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Allied planes hunt U-Boats
An excerpt from 'The Allied Air Campaign Against Hitler's U-Boats' - and low level images from the series of attacks on the 5th November
The Allied Air Campaign Against Hitler's U-boats: Victory in the Battle of the Atlantic is apparently the first single volume devoted to examining the air war against the U-boats - other studies have looked at the overall campaign and Allied strategy. Adopting this approach allows Timothy S. Good to provide some context as well as an action-by-action account of how the battle unfolded. This excerpt covers part of November and December 1943:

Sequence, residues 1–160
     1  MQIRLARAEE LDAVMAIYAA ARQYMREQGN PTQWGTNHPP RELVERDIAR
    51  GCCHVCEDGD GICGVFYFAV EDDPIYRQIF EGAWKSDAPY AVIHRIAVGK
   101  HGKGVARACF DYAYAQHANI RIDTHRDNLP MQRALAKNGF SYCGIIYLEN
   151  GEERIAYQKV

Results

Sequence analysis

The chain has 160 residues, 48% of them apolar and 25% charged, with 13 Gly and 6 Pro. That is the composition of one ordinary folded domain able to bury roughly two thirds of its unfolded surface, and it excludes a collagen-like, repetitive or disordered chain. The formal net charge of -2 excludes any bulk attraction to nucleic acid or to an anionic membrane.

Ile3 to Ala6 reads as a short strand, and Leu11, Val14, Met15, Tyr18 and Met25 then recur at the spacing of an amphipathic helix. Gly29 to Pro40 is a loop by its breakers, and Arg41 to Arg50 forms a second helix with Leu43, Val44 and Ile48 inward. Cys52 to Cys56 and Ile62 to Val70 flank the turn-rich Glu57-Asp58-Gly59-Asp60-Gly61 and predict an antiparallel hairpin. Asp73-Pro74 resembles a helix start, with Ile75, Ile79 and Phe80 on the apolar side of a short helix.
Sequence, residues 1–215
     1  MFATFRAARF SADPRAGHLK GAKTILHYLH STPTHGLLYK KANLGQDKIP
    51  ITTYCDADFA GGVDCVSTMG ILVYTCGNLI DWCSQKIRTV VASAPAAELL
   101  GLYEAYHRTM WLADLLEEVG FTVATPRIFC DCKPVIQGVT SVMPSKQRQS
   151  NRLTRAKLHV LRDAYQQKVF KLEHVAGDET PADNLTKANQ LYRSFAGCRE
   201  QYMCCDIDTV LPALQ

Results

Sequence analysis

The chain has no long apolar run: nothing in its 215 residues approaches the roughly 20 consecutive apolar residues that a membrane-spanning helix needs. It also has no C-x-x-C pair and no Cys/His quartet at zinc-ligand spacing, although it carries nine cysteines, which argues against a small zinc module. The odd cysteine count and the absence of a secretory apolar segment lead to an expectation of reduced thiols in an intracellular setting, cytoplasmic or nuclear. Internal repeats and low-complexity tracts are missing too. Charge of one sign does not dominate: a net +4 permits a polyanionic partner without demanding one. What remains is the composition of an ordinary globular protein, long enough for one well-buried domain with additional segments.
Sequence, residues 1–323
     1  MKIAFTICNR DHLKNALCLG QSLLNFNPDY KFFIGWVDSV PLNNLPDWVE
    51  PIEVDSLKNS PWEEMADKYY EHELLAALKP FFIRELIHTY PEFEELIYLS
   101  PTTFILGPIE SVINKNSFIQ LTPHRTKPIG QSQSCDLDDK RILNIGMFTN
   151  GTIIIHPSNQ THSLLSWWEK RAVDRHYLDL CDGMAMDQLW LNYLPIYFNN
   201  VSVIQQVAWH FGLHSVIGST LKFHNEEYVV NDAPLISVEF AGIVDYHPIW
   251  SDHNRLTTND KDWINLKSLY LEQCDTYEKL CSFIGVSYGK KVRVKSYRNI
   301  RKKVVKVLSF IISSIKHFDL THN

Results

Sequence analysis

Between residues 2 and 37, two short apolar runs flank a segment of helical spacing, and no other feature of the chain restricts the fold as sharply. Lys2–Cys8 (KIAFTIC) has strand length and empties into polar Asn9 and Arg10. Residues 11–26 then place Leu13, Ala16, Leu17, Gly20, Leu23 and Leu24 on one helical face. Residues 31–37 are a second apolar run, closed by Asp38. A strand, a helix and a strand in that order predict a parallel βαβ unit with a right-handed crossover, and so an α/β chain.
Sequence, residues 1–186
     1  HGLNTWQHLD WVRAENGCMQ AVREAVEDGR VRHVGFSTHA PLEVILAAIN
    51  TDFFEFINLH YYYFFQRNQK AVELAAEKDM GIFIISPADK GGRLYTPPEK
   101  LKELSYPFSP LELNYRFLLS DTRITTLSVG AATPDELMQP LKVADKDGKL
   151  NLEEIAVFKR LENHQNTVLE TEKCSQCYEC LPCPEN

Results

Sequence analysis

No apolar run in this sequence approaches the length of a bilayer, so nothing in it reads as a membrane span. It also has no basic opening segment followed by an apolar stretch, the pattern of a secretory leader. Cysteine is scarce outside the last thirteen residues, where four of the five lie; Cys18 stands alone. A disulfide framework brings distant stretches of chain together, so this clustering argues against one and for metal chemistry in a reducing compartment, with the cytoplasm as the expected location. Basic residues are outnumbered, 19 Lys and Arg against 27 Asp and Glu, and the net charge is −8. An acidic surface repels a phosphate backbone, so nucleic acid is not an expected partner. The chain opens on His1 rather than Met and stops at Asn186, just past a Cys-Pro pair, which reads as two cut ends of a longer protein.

During the last two months of 1943 the Allied air campaign continued to succeed, with the Liberators taking the leading role. The B-24s attacked six of the twelve U-boats destroyed by aircraft during this time. Allied forces totalled twenty U-boats destroyed at sea, resulting in aircraft contributing 60 per cent of the total, and Liberators' successes accounting for 30 per cent, nearly one-in-three of all Allied U-boat victories. However, the greatest insight regarding anti-submarine efforts during these months occurred not at sea, but on shore, with the Allied conferences that differed sharply from that in Casablanca in 1942.